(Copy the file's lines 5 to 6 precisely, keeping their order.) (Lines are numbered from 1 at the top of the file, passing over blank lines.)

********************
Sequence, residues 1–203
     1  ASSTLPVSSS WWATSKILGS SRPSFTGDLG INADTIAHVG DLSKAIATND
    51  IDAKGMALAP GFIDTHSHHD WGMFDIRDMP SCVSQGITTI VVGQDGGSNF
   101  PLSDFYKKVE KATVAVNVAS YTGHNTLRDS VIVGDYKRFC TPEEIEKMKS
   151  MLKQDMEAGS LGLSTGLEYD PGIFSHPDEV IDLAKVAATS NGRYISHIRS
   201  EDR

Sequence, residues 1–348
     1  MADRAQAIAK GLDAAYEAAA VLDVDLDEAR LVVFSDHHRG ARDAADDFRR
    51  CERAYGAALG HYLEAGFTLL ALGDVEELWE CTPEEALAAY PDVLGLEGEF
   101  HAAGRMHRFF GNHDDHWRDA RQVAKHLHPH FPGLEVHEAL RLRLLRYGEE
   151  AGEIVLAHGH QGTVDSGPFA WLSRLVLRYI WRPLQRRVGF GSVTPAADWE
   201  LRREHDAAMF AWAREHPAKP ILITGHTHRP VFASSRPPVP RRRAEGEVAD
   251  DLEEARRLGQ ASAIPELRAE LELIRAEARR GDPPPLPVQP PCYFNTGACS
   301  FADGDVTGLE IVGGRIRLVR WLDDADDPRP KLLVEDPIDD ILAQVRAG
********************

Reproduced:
   151  MLKQDMEAGS LGLSTGLEYD PGIFSHPDEV IDLAKVAATS NGRYISHIRS
   201  EDR